Documentation with KairosDB is very vague and confusing about a lot of things such as how do tags work (does a match have to have all of the tags specified or only one), vague about performance and some parts I think might just be wrong.

Smells are present in the API itself with things such as rather than using a type for alignment, having strange use of mutually exclusive keys implying type.

It's not fast and it doesn't optimise things on top of Cassandra. It makes an effort to do this but it fails. The only thing it might be faster than is CSV or flat files. It's not Cassandra fast.

Its query performance in anything but the most trivial of circumstances is absolutely appalling. It makes terrible use of Cassandra and you're liable to be able to do much better.

It doesn't fully use indexes and just has one very simple crude schema that tries to do everything (it can't performance wise). It's three tables each with three columns, practically what you get if you search for blogs with tutorials on how to use Cassandra for time series. Almost everything is a blob (a couple are text). Some columns appear unused, they're just noise, junk data.

If you use tags it has to scan all the tag values. It takes all the rows from Cassandra for a metric then scans the tags. If you do a query for the temperature over time in New York, it'll load every possible tag combination for the temperature metric from the database. This isn't lightweight either, it has to deserialize all the values using a custom scheme.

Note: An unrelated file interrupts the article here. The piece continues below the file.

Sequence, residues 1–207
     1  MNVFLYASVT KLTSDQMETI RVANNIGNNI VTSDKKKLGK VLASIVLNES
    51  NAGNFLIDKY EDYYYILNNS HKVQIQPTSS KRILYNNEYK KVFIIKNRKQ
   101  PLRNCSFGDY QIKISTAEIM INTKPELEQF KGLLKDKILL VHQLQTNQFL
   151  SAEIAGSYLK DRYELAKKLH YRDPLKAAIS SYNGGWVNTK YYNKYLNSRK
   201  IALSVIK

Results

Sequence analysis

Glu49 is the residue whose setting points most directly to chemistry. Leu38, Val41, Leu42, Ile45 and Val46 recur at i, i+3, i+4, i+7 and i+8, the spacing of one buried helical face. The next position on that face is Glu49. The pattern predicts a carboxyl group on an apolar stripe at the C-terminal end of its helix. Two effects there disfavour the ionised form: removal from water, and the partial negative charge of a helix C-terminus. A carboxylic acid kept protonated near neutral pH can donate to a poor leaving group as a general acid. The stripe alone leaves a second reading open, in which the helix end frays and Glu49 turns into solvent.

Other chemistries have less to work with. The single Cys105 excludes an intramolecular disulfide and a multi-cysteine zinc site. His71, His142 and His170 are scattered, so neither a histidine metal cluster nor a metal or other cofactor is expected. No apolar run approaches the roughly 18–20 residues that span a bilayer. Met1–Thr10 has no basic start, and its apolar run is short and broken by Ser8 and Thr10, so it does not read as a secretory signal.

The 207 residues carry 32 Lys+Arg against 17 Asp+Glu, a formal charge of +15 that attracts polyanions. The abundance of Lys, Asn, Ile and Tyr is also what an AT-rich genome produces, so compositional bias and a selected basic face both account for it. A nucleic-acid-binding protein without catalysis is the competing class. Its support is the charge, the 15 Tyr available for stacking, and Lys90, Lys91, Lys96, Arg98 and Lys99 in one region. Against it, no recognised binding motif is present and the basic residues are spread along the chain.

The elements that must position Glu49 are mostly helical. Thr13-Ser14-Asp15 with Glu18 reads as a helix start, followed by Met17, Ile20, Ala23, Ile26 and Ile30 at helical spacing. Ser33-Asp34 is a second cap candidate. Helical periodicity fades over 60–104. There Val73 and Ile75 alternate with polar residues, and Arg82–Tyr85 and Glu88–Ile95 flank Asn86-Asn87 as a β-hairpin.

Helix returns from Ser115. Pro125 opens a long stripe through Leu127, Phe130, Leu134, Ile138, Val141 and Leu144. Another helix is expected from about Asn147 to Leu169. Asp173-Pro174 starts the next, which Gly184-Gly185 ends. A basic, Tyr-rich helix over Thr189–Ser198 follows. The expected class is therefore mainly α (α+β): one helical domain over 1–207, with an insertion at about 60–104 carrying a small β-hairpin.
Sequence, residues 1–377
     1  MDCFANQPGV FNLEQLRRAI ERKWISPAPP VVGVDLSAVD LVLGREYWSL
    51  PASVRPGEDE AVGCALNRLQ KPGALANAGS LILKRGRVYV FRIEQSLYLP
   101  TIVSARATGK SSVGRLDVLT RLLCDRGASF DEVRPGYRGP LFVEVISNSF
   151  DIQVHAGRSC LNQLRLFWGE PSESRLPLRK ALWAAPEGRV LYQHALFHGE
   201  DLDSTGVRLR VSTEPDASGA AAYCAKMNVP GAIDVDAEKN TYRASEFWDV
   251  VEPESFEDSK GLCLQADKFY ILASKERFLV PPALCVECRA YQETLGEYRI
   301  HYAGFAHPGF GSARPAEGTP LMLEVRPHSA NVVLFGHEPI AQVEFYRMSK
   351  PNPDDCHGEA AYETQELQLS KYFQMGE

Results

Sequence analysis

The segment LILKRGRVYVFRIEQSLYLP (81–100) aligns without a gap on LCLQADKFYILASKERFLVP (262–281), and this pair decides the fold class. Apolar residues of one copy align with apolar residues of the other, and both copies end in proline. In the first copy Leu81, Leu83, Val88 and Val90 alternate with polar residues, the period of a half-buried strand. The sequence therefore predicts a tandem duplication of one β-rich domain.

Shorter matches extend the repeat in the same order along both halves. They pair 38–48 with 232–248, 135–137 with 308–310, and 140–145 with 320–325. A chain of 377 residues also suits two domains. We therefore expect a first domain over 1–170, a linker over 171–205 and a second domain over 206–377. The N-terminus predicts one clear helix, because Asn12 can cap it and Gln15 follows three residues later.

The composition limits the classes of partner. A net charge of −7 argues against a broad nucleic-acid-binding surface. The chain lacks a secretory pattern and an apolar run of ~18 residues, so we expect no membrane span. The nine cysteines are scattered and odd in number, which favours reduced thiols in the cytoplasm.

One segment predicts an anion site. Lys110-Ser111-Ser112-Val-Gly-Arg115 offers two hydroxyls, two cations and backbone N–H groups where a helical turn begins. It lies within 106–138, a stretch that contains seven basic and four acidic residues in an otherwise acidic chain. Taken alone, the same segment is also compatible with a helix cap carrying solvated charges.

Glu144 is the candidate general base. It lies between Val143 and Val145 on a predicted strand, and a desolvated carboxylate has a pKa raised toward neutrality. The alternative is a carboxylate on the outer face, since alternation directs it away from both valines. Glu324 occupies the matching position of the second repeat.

It'll not only load combinations you don't need but will also load rows up to three weeks worth of tag combinations more than it needs. This isn't even getting at datapoints yet. They binary encode the values making it impossible to use things such as aggregate functions, instead KairosDB is replacing Cassandra for this and reimplementing the wheel. That means it must send every row, every data point back to KairosDB which must then aggregate those data points itself.

If you use tags, then you will probably have big problems. If you use a lot of metrics then you might have problems. If you use aggregates or group by then you will probably have big problems.

If you want something for very simple cases or where you don't mind terrible performance, instability in some scenarios, losing data (for a long time until it was fixed it was just dropping data), etc but only want ease of use then you might get by with KairosDB but if you're serious about your usage and big data, don't touch it with a barge pole.

It also has a lot of problems with junk data. I've found databases 99.99% full of data put there by the KairosDB reporter. After the hell of clearing it all out (Cassandra really isn't really suited to mass deletes), turning off the reporter as the instructions state, it's still populating the database with GB of data. I cleared it all out, when and checked Cassandra to find that just a few days later over half the data was KairosDB's reporting junk.